By: Priscilla Salmasi
On tour with their fifth studio album “Dopamine,” San Fransisco band, Third Eye Blind, will roll into town Labor Day weekend, playing Sugar Hill’s Sweet Life concert series. We were able to catch up with their lead guitarist, Kryz Reid for an exclusive interview on their tour so far and their most critically acclaimed album to date.
We’ve noticed you’ve been attending a lot of festivals. Are you trying to specifically reach a younger audience by playing festivals? Our audience is very young as it is. There’s never been a bigger demographic of people than at a Third Eye Blind show. We have people in the front row with X’s on their hands because they’re under 21; people even bring their kids, we have a full range of people there, definitely. It’s so much fun to go out and play festivals. Before we come to Sugar Hill, we’re playing Summer Sonic music festival in Tokyo, Japan, which is my second home. Then we play Leeds festival in London. I used to go to that when I was a kid. I would see big American bands that would come to the UK, but they would not come to Ireland. My mates and I used to take the boat across from Ireland to England and go to the Leeds festival.
What do you think it is about the music that resonates with a new, younger generation of fans?
It’s Stephen, 100%, Stephen’s voice and his lyrics. I’d love to take more credit for the new record, but musically, the band has always been very diverse and eclectic and has a signature sound; but at the same time, the band musically is always moving forward.
Did you know Brad and Stephen before you joined the band? I’ve known Brad for about 150 years – just kidding. We played together in Brad’s side projects in Los Angeles, but I didn’t know who Third Eye Blind was. When they had issues with their old guitar player, he called me up and said, you’ve got first dibs here. I had never listened to this band, but then I just fell in love with it.
Do you have a favorite song on your new album, Dopamine? It moves around a bit; more when we were writing the record I was calling out my favorites, but once the record was done and all the songs were there together, I couldn’t choose a favorite, they’re like your kids, you know?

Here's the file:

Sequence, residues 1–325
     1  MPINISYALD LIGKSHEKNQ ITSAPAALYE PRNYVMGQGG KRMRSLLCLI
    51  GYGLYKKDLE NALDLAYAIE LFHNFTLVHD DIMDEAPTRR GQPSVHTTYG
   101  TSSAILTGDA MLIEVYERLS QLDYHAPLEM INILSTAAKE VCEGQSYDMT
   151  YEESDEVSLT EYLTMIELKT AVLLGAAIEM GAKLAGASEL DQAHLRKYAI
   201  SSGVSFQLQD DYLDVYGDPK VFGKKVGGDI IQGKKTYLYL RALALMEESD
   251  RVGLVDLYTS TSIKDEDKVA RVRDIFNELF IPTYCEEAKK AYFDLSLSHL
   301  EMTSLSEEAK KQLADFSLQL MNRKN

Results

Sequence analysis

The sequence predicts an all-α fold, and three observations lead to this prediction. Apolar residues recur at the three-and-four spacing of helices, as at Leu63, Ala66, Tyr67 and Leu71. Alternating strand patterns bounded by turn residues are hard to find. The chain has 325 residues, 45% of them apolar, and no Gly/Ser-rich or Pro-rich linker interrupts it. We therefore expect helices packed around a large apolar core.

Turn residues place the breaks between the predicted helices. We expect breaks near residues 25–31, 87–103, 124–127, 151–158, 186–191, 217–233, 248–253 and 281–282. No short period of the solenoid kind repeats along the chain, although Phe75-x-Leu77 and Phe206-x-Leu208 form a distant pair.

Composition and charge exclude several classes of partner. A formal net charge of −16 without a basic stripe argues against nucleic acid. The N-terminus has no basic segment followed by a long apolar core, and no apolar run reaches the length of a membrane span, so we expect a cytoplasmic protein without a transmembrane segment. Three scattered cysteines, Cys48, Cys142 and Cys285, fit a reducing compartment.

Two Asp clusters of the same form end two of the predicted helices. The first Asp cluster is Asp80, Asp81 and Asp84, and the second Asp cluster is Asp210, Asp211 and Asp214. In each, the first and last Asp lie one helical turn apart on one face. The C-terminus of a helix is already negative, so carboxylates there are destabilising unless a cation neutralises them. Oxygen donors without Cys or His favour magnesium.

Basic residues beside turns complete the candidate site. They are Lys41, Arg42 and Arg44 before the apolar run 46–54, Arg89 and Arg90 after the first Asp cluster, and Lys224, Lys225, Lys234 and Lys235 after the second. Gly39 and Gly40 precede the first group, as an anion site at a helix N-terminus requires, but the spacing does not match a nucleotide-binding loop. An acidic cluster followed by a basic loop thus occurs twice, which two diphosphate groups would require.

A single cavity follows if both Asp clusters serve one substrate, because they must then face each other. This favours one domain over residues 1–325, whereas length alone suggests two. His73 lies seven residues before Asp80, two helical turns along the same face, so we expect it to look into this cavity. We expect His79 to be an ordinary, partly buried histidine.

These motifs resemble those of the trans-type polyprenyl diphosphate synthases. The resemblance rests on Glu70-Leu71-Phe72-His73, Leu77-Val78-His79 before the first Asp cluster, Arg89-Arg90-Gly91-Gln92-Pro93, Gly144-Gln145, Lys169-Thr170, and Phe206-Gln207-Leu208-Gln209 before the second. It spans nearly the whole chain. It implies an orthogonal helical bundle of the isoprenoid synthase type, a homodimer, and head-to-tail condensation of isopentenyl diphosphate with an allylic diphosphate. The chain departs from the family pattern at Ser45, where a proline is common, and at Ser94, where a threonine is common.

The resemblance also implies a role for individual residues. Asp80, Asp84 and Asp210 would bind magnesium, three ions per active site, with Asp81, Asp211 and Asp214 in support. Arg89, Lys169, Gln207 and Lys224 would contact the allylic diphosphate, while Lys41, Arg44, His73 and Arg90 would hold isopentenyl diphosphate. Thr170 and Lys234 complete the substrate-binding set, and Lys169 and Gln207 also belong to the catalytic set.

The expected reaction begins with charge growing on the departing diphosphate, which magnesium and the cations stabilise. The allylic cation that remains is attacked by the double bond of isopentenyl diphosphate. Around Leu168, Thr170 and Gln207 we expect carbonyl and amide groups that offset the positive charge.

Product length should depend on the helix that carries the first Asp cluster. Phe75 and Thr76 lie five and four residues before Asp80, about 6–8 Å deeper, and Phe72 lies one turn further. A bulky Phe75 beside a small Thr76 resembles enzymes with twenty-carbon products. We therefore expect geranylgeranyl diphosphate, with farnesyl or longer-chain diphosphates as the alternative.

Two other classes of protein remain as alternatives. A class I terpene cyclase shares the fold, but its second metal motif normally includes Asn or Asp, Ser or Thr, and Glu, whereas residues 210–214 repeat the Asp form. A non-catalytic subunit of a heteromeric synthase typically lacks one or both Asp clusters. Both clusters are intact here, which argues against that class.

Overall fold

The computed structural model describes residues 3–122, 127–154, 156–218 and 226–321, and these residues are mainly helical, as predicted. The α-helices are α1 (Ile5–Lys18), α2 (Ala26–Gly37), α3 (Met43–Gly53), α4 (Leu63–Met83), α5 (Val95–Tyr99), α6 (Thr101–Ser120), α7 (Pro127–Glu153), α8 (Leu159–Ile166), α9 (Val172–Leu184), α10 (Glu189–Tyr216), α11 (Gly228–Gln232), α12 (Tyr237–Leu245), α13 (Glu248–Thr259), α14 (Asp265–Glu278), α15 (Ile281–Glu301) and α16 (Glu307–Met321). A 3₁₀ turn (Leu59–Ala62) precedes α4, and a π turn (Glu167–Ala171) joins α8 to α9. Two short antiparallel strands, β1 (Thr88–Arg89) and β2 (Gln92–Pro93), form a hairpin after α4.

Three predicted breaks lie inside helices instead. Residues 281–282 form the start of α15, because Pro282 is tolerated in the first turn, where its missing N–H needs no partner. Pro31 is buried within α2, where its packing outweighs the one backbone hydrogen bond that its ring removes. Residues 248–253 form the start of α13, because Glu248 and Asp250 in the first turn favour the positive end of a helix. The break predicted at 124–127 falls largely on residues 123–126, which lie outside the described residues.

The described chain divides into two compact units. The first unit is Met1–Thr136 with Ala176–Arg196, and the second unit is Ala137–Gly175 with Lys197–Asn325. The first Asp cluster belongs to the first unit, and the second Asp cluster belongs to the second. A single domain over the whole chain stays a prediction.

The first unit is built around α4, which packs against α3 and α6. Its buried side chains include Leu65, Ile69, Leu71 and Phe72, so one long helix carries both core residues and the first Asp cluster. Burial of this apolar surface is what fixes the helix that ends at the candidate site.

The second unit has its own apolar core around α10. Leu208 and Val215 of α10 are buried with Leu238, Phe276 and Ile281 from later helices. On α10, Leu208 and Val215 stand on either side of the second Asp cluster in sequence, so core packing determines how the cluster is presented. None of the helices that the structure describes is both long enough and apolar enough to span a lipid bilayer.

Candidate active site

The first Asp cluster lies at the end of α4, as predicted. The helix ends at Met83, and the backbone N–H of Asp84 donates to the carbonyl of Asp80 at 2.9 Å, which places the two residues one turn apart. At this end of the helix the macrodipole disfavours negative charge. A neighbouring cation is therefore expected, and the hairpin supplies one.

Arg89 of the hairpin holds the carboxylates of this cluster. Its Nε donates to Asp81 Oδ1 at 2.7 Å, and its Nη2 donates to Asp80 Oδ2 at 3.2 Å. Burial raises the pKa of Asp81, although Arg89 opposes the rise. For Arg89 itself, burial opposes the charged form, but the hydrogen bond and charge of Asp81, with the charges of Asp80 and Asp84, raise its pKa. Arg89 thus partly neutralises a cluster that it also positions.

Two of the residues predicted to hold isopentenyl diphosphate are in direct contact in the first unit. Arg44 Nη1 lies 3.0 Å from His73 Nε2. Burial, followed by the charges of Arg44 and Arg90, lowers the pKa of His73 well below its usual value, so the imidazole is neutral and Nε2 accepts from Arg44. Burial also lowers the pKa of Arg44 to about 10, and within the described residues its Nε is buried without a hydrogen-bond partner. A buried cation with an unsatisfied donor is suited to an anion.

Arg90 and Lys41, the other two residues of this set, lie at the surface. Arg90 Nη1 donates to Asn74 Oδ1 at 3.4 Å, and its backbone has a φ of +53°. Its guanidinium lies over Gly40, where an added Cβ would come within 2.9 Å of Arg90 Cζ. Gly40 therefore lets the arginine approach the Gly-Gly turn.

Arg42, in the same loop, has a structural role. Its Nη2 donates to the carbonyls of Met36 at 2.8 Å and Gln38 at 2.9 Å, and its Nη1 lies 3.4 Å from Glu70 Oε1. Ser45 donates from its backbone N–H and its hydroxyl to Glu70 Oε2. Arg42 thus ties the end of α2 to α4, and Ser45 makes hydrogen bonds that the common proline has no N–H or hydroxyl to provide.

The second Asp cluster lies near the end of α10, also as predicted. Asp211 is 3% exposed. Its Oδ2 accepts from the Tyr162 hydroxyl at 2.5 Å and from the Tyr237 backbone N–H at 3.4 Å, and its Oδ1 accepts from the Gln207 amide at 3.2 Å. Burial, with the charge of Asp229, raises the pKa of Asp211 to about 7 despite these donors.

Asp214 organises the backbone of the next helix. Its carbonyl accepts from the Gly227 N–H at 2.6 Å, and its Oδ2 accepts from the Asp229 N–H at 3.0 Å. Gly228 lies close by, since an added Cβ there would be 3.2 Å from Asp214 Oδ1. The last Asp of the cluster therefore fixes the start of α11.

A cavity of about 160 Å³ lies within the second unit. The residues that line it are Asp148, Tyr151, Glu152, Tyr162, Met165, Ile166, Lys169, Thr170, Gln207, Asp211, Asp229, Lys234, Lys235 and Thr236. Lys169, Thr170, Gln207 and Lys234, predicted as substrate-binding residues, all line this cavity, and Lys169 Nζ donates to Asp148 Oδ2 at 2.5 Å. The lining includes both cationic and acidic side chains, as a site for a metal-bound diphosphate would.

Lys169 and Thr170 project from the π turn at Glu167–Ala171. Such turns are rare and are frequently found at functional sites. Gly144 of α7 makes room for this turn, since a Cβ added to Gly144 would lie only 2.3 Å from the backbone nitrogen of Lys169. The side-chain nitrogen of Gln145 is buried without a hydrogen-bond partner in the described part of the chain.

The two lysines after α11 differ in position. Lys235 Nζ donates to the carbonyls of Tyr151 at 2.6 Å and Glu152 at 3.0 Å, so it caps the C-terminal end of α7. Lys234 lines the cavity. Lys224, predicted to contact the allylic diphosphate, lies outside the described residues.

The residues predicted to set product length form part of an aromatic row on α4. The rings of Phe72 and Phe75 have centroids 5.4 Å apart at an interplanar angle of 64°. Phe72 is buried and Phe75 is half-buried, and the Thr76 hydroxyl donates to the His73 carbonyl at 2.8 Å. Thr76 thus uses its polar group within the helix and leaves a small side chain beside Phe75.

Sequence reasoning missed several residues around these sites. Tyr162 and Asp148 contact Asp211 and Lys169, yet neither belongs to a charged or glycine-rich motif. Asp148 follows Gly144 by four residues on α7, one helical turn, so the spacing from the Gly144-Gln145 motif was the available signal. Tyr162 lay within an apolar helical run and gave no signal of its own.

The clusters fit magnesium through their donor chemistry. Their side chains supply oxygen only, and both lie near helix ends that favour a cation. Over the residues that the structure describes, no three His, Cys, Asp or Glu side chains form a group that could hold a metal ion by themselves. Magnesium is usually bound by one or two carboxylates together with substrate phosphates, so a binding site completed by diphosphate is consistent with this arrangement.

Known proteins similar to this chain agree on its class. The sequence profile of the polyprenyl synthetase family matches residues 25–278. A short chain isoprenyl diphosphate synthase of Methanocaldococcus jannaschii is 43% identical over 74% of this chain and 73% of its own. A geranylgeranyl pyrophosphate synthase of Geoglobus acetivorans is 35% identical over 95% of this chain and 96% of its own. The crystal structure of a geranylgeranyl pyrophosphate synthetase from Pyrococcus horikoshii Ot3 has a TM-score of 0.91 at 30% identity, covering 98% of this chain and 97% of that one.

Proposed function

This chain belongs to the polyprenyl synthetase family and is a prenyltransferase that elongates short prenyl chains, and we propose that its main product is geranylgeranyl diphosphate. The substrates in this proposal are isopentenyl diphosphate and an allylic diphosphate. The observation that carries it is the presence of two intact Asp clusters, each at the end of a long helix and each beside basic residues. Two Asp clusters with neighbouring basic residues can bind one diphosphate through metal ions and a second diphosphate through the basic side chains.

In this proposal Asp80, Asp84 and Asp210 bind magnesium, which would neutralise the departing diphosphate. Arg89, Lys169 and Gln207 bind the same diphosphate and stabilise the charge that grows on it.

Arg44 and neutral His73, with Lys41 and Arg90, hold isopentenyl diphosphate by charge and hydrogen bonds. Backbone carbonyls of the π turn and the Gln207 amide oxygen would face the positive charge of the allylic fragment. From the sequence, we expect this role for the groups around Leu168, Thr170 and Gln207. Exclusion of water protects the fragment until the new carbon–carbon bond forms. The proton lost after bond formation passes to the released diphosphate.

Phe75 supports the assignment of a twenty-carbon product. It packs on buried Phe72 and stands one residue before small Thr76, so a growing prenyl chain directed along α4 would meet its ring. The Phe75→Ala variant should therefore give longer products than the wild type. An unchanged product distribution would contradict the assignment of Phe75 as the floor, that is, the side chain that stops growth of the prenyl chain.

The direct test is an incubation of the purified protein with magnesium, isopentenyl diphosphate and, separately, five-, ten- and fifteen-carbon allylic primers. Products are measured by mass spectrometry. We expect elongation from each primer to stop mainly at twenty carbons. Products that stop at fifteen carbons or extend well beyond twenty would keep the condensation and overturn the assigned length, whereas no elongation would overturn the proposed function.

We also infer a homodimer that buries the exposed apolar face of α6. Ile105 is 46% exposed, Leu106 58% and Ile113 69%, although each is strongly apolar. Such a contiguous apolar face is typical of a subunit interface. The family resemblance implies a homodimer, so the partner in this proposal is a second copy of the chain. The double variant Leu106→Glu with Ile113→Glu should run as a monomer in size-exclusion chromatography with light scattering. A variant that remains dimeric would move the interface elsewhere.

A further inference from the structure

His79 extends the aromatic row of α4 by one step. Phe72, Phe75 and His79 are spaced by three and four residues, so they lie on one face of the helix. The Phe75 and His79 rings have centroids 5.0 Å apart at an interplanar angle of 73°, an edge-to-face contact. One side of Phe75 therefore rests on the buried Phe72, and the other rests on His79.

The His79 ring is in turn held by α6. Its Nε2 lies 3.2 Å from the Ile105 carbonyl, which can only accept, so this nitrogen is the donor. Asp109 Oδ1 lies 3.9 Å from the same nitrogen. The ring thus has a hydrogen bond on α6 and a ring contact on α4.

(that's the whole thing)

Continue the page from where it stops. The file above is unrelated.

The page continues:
How do you narrow down the songs to decide which go on the album? It’s a very painful process of listening to all the songs… no, I’m kidding. We shoot through the tracks and we have column A, column B, column C, with column A being our favorites. Then we take count of how many are in each column. Brad, our drummer, is the worst because he always says he likes them all.
Do you demo the songs while you’re on tour before the album comes out, to see how the fans are reacting? Yes, it’s a little tricky for us to do – because the band is so big when we demo a new song, it ends up on YouTube and then if Stephen changes one of the lyrics people get upset. That happens a lot, so it’s kind of like maybe, maybe not. We do usually during sound checks, because the fans there are not allowed to take pictures or film and that’s been working out quite well.
What’s the process of getting the set-list together for the show? We all sit down at a table to discuss the music for an awesome 60 minute set for our festivals and shows. I’m the only one in the band, that can actually write, you would not believe what their handwriting looks like; it’s chicken scratch. I always end up with the sharpie and most of the time we play the same set list with a few tweaks.
Are there any songs you enjoy playing live the most, either new or old? Again, all our songs are like our children. After I was in the band for five or six years, I asked Brad if he still gets a kick out of playing ‘Semi-Charmed Life’ after 15 years, and he had the best answer ever, “We don’t want to play that song during sound check or rehearsal, but when we play it on stage the reaction to it is so huge, it makes it really enjoyable to play.” ✱